4 min read

Last week, a new traffic analysis framework, Netcap (NETwork CAPture) was released. It converts a stream of network packets into accessible type-safe structured data for representing specific protocols or custom abstractions.

This project was implemented in Go programming language that provides a garbage collected memory safe runtime as parsing of untrusted input could be dangerous. It was developed for a series of experiments like filtering, dataset labeling, encoding, error logging, etc in the thesis: Implementation and evaluation of secure and scalable anomaly-based network intrusion detection.

The Netcap project won the second place at Kaspersky Labs SecurIT Cup 2018 in Budapest.

Why was Netcap introduced?

Corporate communication networks are attacked frequently with previously unseen malware or insider threats, which makes defense mechanisms such as anomaly-based intrusion detection systems necessary for detecting security incidents. The signature-based and anomaly detection strategies rely on features extracted from the network traffic that requires secure and extensible collection strategies.

The solutions that are available are written in low-level system programming languages that require manual memory management and suffer from vulnerabilities that allow a remote attacker to disable the network monitor. Others lack in terms of flexibility and data availability. To tackle these problems and ease future experiments with anomaly-based detection techniques, Netcap was released.

Netcap uses Google’s protocol buffers for encoding its output which helps in accessing it across a wide range of programming languages. The output can also be emitted as comma separated values, which is a common input format for data analysis tools and systems. Netcap is extensible and it provides multiple ways of adding support for new protocols and also implements the parsing logic in a memory safe way.

It provides high dimensional data of observed traffic and allows the researcher to focus on new approaches for detecting malicious behavior in network environments, instead of opting data collection mechanisms and post-processing steps. It features a concurrent design that makes use of multi-core architectures. This command-line tool focuses on usability and readability and displays progress when processing packets.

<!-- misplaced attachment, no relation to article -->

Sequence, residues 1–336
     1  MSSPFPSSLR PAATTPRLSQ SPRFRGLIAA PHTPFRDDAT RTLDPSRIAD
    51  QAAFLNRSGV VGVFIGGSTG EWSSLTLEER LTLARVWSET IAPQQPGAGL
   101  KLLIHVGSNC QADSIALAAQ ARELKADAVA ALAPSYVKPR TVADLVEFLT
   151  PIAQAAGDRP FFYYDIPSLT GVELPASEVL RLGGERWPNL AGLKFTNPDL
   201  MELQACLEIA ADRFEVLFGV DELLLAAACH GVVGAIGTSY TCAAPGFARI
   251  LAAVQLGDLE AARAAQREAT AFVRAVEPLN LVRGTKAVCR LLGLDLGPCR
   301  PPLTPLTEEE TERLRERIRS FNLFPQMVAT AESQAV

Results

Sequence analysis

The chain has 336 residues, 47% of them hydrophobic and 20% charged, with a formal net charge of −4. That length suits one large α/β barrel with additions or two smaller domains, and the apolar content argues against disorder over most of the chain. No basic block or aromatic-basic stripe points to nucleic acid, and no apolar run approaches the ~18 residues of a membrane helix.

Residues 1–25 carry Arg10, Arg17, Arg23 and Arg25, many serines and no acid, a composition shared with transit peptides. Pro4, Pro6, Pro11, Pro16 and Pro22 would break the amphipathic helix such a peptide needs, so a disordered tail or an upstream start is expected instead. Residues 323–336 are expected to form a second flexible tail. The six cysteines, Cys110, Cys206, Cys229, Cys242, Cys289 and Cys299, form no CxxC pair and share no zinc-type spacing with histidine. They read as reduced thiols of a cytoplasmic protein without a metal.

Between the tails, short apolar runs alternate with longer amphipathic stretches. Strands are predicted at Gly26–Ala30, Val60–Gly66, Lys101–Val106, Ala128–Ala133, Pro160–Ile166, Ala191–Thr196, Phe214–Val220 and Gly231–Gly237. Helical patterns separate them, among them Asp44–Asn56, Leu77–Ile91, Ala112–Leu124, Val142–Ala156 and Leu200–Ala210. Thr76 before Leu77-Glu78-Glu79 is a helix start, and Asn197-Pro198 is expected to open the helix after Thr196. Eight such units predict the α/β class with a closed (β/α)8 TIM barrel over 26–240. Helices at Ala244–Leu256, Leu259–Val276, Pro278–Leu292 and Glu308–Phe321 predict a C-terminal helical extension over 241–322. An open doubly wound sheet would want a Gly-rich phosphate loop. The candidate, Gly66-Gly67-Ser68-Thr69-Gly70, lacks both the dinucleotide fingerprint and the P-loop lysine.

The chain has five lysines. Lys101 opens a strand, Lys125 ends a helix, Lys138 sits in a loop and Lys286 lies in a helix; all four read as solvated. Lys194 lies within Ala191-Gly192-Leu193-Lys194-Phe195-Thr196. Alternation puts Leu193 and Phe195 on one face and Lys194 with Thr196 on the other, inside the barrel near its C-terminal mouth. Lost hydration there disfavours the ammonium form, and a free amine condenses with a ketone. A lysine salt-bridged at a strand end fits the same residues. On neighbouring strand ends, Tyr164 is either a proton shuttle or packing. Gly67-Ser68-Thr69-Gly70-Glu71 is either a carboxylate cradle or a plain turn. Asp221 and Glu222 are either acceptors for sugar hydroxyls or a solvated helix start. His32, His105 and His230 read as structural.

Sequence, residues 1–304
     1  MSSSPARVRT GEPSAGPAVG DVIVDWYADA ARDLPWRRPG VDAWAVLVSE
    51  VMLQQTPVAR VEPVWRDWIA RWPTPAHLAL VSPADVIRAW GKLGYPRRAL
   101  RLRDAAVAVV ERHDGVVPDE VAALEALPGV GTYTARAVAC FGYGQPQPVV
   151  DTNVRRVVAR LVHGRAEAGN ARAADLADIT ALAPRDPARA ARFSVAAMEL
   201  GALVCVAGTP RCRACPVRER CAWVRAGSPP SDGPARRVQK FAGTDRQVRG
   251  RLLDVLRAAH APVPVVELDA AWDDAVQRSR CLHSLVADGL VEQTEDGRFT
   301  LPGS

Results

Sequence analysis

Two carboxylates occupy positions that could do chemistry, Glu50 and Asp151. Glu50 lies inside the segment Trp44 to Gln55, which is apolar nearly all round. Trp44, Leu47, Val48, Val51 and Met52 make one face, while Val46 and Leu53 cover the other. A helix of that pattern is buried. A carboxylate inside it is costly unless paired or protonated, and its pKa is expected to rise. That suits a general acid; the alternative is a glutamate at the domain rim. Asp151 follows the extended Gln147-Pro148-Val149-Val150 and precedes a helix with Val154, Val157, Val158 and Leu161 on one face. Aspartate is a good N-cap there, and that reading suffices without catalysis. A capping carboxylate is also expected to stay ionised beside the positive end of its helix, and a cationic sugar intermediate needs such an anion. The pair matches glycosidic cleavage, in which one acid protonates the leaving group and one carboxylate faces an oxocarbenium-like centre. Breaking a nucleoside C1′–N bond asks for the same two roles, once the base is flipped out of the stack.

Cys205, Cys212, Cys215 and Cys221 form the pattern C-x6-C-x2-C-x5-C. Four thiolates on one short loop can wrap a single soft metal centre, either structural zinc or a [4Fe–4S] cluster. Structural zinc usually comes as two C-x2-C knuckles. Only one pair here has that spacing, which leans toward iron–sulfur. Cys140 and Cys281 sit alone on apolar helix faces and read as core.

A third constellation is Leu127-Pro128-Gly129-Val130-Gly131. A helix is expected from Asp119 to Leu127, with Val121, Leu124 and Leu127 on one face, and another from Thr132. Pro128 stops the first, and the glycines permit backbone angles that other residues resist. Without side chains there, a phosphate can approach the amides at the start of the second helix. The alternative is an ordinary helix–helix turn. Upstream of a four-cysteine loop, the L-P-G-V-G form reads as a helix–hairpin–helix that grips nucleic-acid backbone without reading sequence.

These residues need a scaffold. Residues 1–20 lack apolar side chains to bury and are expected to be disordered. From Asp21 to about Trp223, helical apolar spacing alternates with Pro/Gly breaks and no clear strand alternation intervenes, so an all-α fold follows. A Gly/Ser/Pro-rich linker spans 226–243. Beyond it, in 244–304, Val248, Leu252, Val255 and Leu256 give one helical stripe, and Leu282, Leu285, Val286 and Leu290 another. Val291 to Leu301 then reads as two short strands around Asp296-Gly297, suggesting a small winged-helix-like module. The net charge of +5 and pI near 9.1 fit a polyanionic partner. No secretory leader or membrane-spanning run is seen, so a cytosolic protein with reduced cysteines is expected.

Why Go?

Go, commonly referred to as Golang, is a statically typed programming language which was released by Google in 2009. Netcap opted Go as its syntax is similar to the C programming language and also has a lot of adopted ideas from other languages, such as Python and Erlang. It is commonly used for network programming and backend implementation. With Go Netcap can compile faster and generate statically linked binaries, easily.

Goroutine, an asynchronous process is multiplexed onto threads of the OS as required. In case a goroutine blocks, the corresponding OS thread blocks as well, but the other goroutines aren’t affected. So, this proves to be helpful in Netcap as it doesn’t disturb the functioning. Also, Goroutines are less expensive as compared to a thread and allocate resources dynamically as needed. Since, Go offers channels as a lightweight way to communicate between goroutines, the synchronization and messaging process gets easier in Netcap.

Design Goals of Netcap

  • Netcap provides memory safety when parsing untrusted input.
  • It features ease of extension.
  • The output format is interoperable with many different programming languages.
  • It features concurrent design.
  • It comes with output with small storage footprint on disk.
  • It provides with maximum data availability.
  • It allows implementation of custom abstractions
  • It comes with a rich platform and architecture support

Future Scope

Future development on Netcap will focus on increasing the unit test coverage and performance critical operations. The output of Netcap will be compared to other tools, to ensure no data is missed or misinterpreted. Netcap will be extended in future with functionalities like support for extracted features.

This framework might be used for experiments on datasets for accurate predictions on network data. Encoding feature vectors could also be implemented as part of the Netcap framework. An interface for adding additional application layer encoders can be added in future. Netcap will be evaluated for monitoring industrial control systems communication. The recently open sourced fingerprinting strategy for SSH handshakes (HASSH) by salesforce could prove beneficial in future.

Check the slides of this project from the presentation by Philipp Mieden (the creator of Netcap) at the Leibniz Supercomputing Centre of the Bavarian Academy of Sciences and Humanities on Researchgate.

Many users are appreciating the efforts taken for this project and eagerly awaiting for the features that might be released in the future.

But a few Hacker News users think that the functionality provided by this application is still unclear. The thesis misses a lot of points with the major one being as to how this tool is actually warranted as a whole. The question is as to how will the anomalies of this project get detected? A lot of questions are still unanswered but it would be interesting to see what Philipp comes up with next.

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